At least 50% of new coronavirus infections are spread from people without symptoms, according to a study published this week.
People who are asymptomatic or never experience symptoms made up about 24% of all transmissions, while presymptomatic individuals accounted for 35% for a total of 59%, researchers from the Centers for Disease Control and Prevention found.
Jay Butler, CDC deputy director for infectious diseases and a lead author of the study, told Business Insider that the findings back up public health guidelines about social distancing and mask wearing.
“There was still some controversy over the value of community mitigation — face masks, social distancing, and hand hygiene — to limit spread,” Dr. Butler said. “This study demonstrates that while symptom screening may have some value, mitigation, as well as strategically planned testing of persons in some setting, will be a significant benefit.”
The researchers split COVID-19 transmitters into three categories: presymptomatic (those who didn’t have symptoms yet), never symptomatic and symptomatic. They then modeled how each group would spread COVID-19 based on the day people were most infectious, using five days after coronavirus exposure as the baseline, which was the median incubation period.
The model the researchers used assumed that 30% of individuals with COVID-19 never develop symptoms and are 75% as infectious as those who do develop symptoms as its baseline.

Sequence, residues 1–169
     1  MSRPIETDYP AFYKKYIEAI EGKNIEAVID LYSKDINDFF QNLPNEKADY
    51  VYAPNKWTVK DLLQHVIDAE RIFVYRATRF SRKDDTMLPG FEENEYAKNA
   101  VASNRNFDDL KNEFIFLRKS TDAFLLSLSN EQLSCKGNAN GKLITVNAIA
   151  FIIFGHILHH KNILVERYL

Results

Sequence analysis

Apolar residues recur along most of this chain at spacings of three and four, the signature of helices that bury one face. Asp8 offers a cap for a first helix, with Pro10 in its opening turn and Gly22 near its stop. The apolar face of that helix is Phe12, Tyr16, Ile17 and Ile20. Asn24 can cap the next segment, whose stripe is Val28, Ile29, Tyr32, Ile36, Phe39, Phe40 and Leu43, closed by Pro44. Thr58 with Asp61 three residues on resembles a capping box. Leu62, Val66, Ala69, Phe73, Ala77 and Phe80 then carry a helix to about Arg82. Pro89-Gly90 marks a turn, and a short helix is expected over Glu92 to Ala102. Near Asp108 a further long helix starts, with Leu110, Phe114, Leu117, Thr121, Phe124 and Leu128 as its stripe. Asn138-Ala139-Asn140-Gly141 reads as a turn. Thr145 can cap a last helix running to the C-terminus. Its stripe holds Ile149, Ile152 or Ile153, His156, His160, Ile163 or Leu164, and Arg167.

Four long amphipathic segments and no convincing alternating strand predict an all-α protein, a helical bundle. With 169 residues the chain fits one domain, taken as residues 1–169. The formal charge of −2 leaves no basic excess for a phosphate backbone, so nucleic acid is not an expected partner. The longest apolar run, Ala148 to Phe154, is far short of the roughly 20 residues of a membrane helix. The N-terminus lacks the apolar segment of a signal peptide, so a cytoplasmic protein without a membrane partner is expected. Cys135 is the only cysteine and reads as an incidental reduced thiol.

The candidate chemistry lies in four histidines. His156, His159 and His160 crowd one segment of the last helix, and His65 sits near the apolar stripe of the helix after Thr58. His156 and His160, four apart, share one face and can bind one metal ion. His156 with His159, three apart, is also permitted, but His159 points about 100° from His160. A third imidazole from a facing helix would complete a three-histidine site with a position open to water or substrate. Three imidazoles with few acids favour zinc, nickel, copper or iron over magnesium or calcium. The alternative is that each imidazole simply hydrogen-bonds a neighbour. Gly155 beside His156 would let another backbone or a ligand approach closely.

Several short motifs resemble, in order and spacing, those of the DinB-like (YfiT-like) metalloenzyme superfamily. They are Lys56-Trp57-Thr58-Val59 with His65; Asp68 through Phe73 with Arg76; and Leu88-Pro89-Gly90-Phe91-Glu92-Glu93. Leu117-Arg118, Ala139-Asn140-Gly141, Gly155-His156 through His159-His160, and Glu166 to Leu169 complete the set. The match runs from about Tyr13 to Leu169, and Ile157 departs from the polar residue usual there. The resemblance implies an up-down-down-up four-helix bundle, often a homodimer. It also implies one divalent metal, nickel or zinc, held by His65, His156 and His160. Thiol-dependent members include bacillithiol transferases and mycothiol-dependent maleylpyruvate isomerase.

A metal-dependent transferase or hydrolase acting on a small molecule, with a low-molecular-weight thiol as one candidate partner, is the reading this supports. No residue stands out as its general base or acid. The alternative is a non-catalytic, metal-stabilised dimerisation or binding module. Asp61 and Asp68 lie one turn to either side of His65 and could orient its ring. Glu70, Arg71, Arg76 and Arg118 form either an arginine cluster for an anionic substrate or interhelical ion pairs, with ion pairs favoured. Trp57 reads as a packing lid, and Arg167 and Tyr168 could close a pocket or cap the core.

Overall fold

Even with changing peak infectiousness and the proportion of COVID-19 transmitters without symptoms, the researchers found that both asymptomatic and presymptomatic people transmitted at least 50% of new infections under their model.
With the most conservative estimate — which set peak infectiousness at seven days and 0% transmission from asymptomatic people — the model still found that more than 25% of spread came from presymptomatic individuals.
“In the absence of effective and widespread use of therapeutics or vaccines that can shorten or eliminate infectivity, successful control of SARS-CoV-2 cannot rely solely on identifying and isolating symptomatic cases; even if implemented effectively, this strategy would be insufficient,” the CDC researchers wrote in their study.
“These findings suggest that effective control also requires reducing the risk of transmission from people with infection who do not have symptoms.”
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